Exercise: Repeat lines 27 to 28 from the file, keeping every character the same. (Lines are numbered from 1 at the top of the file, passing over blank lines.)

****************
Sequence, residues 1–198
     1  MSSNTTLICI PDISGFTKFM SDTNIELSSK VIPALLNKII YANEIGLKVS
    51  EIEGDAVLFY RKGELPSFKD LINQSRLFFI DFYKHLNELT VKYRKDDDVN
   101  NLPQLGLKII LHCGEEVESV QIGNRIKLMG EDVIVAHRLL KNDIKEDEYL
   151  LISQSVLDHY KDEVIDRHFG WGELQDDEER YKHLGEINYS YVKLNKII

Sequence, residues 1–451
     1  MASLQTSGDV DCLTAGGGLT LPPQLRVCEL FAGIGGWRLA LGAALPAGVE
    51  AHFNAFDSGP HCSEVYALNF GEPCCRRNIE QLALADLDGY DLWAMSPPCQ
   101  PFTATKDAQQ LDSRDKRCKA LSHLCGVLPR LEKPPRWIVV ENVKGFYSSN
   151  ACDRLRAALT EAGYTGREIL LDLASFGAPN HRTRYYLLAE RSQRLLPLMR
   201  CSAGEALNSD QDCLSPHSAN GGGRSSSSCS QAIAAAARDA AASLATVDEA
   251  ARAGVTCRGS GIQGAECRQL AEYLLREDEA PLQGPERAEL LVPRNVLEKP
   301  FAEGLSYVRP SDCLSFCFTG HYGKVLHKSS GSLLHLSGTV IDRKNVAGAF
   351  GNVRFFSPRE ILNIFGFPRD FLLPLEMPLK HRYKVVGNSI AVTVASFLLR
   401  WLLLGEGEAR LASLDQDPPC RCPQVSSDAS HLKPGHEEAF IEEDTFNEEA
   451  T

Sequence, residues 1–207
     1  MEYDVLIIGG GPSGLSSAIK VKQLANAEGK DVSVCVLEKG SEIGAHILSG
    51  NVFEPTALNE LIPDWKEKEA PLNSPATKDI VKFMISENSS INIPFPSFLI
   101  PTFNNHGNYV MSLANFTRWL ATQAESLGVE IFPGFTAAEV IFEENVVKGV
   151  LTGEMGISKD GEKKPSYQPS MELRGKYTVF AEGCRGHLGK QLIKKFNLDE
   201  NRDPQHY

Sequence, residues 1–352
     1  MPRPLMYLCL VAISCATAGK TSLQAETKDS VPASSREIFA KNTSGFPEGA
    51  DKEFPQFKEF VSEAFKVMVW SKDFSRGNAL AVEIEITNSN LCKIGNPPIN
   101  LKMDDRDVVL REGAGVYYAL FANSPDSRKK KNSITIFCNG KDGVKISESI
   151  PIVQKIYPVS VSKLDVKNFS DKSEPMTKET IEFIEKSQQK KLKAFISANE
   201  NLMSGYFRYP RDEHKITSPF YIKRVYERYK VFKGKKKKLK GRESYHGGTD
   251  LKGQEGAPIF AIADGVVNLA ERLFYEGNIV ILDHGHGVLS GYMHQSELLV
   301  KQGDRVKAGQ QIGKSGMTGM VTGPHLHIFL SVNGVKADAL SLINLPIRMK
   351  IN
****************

   151  PIVQKIYPVS VSKLDVKNFS DKSEPMTKET IEFIEKSQQK KLKAFISANE
   201  NLMSGYFRYP RDEHKITSPF YIKRVYERYK VFKGKKKKLK GRESYHGGTD